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Racism Won’t Die With Old White Men Because Kids Are Still Learning To Be Racists


North Carolina kids built a Trump-inspired wall but didn’t see it as racism.

Some citizens in our body politic believe that racism will end when old white men — who relished in abusing Blacks and Brown people during the era of Jim Crow — die off and are replaced by newer, younger generations of whites who interact with groups from different backgrounds in a more tolerant way. If you ask them to explain how exactly society will achieve this, the answer will almost certainly touch on education. They point to diversity in the schoolyard and emphasize the colorblind manner in which students are bonding with one another.

Nine times of out 10, they probably don’t have North Carolina’s McDowell High School — located in Marion, five quarter miles from Charlotte — in mind as one of the scholastic incubators for these new whites.

Back in May, 30 white high school seniors at McDowell decided to show off what this new era is teaching them about race and ethnicity. For their senior prank, they channeled their inner Donald Trump and built a wall out of cardboard boxes.

According to this San Antonio report, the “wall” was designed to “block access to a common area.” Needless to say, the Latinx students attending McDowell were not too happy.

To capture the moment, the students Instagrammed a photo of themselves in front of their makeshift “wall” marked with the caption, “WE BUILT THE WALL FIRST.”

McDowell’s students even pushed to include Trump’s logo on the picture but were advised against it by their Principal, Edwin Spivey. They opted, instead, for a variety of hashtags that featured Trump’s name.

Of course, school officials stuck to their guns and dismissed the accusation that these white students intended to insult anyone, least of all their Latinx classmates. In a show of good faith, no student faced disciplinary action.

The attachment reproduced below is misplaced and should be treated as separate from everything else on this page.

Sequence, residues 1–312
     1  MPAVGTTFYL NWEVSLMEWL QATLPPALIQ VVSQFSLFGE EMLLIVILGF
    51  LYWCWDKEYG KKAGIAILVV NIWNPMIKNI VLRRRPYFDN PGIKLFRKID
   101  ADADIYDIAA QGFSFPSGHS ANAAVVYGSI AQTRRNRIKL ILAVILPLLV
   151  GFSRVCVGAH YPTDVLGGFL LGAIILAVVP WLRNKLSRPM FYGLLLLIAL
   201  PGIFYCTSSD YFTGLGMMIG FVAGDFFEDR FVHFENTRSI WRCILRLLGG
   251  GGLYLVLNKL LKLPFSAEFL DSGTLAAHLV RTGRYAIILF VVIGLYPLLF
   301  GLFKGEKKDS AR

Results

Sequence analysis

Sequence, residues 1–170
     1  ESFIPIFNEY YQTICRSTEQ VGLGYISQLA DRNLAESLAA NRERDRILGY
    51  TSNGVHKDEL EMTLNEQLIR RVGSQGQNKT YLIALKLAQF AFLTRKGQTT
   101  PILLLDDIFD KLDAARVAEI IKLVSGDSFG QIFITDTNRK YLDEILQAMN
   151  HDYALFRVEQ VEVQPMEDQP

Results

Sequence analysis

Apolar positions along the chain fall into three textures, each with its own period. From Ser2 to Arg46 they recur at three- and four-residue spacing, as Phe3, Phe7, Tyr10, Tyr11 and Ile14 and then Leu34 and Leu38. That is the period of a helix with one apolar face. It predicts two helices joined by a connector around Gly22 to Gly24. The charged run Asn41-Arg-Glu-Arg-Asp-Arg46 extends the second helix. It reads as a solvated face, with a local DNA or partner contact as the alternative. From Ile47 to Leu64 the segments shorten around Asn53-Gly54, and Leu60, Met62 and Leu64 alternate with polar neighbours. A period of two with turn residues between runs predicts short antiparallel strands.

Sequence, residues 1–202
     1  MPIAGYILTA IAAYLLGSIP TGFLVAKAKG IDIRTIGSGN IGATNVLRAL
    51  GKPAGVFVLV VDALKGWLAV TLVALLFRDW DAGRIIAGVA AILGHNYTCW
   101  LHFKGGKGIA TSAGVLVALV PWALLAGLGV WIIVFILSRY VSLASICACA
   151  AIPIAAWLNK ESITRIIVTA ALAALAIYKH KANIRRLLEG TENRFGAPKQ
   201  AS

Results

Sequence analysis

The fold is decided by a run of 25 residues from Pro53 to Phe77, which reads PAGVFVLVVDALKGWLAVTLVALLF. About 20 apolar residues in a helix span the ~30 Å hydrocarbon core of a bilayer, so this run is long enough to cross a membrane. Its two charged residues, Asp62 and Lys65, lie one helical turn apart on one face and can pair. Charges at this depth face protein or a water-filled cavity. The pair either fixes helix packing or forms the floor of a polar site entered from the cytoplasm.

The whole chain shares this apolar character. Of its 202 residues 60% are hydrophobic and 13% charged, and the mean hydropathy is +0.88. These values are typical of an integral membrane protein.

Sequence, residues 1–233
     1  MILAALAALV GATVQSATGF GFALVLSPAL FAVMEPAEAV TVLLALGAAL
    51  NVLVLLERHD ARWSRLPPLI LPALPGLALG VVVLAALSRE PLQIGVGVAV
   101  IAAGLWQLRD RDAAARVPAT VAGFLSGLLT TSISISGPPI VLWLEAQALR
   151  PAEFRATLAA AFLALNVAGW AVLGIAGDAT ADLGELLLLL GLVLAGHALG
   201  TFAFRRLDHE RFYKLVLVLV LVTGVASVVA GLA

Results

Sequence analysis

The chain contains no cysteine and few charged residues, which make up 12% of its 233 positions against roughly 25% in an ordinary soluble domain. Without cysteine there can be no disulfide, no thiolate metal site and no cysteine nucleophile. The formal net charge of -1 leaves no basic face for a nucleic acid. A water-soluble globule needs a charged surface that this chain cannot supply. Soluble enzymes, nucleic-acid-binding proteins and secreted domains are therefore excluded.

Lest we believe that this is an isolated incident, similar behavior has occurred in other high schools. Forest Grove High, in the Portland, Oregon, metro area, furnishes an immediate example.

People are not born harboring hatred toward a specific group. Racism is learned — in the home, in the streets, in our schools.

If school officials at McDowell see no problem with what their white students did, what reason have we to believe that racism is getting any better or that — as a society — we’re not moving backward?

Is this a sign that old, racist white men can die peacefully knowing that their values will live on in the generations to follow?


Antwan is an educator, cultural critic, actor, and writer for Wear Your Voice Mag (WYV), where he focuses on the dynamics of class, race, gender, politics, and pop culture. Prior to joining the team at WYV, he was an adjunct professor in the African American Studies Department at Valdosta State University in southern Georgia, where he taught African American Literature. He has traveled the U.S. and U.K. showcasing a fifty-five minute, one-person play titled Whitewash, which focuses on the state of black men in the post-civil rights era. Antwan received his B.A. in English and Literature from California State University, Dominguez Hills, and M.A. in African American Studies from University of California, Los Angeles. He is a Ronald E. McNair Scholar and NAACP theater nominee.

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